Cal looked up as they did high knees and then jumping jacks. They were really good boys and he was caught  in a moment of overwhelming pride.  They trusted him and were willing to work so hard. They literally did everything he asked. Then he saw Rachel at the other end of the field, stretching and laughing with some other cross county runners. From that distance he couldn’t quite make out who the other kids were.

When Rachel saw Cal looking at her, she gave him a big silly wave and he involuntary waved back, with the same enthusiasm. Glancing at the other coaches, they knew better than to laugh.

Ten minutes later, as the  team got ready for tackling drills, he watched  Rachel and the three other runners take off.  He thought he remembered her telling him they had to do one mile interval training this afternoon. They would run a mile, rest for five minutes, then run the same mile faster, then one more time after that. The goal was to run as fast or faster on every mile. It was grueling. Cal couldn’t imagine what his players would do if he made them do that.

The track was built around the football field but Cal wasn’t really watching Rachel and the runners anymore.  He was focused on his boys.  They were so close to the playoffs if he could just keep them focused. Forty five minutes into practice Cal looked up as Rachel and another runner, a boy, approached him.  Lord, she was so graceful and long legged.  She made running look easy. Normally, as she ran past him, he would have yelled something silly at her like “Too slow Chicken Butt!” But he couldn’t think of anything clever as she approached. He studied the guy running next to her. His pace was different and he was obviously trying to match her stride for stride.  She looked over at the guy and smiled.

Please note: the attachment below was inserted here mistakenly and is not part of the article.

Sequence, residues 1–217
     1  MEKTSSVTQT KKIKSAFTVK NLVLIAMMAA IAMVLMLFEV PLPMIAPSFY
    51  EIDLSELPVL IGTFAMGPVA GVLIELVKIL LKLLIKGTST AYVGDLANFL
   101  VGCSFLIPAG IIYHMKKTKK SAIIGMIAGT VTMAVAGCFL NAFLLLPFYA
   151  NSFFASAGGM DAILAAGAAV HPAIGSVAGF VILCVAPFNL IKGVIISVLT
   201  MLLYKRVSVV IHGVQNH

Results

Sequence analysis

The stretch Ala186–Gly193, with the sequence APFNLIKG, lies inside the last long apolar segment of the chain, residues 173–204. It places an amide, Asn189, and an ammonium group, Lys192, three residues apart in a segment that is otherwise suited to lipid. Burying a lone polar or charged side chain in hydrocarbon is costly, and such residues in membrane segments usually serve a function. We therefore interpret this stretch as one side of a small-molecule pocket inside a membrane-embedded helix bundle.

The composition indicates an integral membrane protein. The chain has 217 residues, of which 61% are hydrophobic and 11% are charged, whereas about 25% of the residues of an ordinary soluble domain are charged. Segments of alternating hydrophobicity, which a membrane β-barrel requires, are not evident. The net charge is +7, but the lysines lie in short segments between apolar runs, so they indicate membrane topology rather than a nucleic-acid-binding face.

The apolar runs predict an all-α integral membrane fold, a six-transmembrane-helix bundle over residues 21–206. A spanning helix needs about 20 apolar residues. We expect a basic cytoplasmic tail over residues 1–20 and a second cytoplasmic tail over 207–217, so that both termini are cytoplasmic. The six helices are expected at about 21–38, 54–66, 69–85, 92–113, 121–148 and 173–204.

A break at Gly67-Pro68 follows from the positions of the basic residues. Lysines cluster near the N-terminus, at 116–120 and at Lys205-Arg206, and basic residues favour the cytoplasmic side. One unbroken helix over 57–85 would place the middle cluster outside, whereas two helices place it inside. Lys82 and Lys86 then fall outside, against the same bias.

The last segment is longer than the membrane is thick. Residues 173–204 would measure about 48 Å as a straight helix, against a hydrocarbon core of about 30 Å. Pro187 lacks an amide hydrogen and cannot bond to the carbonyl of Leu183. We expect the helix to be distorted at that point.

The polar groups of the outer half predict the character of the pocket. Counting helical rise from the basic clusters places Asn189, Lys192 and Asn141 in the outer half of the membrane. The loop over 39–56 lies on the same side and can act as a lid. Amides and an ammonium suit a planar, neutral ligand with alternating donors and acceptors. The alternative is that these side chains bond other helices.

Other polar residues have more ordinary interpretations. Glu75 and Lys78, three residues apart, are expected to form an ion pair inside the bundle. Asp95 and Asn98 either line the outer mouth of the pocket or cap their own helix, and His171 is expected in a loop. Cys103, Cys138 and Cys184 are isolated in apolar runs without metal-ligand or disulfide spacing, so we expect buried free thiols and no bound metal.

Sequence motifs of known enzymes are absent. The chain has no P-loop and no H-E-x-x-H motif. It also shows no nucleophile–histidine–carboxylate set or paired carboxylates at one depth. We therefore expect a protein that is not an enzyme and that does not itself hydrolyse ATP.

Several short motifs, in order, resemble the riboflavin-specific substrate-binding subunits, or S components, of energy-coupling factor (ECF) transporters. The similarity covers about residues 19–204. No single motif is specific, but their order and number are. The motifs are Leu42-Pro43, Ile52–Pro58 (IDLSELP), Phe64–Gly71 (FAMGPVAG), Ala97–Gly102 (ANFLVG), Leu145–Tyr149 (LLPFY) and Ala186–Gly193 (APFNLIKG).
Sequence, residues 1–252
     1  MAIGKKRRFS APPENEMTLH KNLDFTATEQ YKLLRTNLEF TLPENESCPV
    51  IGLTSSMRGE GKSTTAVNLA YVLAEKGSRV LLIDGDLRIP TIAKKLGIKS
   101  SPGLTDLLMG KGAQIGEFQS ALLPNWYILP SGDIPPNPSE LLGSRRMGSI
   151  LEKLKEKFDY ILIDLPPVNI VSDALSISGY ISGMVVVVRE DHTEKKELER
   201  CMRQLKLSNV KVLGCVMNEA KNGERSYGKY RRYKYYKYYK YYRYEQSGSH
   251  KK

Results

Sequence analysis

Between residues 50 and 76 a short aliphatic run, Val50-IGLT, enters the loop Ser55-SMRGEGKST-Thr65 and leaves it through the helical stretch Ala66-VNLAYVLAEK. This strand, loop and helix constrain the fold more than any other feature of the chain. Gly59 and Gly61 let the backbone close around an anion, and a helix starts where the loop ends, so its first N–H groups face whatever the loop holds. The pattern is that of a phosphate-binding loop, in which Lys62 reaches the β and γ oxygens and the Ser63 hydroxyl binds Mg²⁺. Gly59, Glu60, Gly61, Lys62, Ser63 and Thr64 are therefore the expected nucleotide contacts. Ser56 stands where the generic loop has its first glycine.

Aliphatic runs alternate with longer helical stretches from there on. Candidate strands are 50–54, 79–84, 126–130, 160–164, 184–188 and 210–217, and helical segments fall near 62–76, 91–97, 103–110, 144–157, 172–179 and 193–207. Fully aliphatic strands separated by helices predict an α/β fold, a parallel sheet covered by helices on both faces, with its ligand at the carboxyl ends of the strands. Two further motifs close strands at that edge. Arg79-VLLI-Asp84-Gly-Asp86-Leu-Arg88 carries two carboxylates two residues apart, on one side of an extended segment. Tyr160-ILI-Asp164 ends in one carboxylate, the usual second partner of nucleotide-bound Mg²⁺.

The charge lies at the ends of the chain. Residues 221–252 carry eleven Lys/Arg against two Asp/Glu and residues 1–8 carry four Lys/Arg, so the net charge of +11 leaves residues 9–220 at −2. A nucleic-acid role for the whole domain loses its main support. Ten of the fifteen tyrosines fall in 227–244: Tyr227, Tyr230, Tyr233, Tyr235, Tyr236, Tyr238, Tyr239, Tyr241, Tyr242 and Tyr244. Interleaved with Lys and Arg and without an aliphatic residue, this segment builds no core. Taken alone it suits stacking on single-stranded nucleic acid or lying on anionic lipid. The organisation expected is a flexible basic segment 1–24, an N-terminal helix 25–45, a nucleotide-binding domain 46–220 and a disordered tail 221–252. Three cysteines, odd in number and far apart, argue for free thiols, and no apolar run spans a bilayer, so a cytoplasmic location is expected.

Cal realized he was holding his breath as the two runners sprinted toward him, then just as they passed, Mark Greenland looked over and grinned, not at Rachel but at Cal.

Then they were both gone, already at the far end of the track. Cal watched as the pair left the track and disappeared onto the cross country trail.

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It was only six when Cal left the football field.  The players were still cooling down, but Cal needed to be home. After putting the Ford into drive, he found his cell phone and called Tara.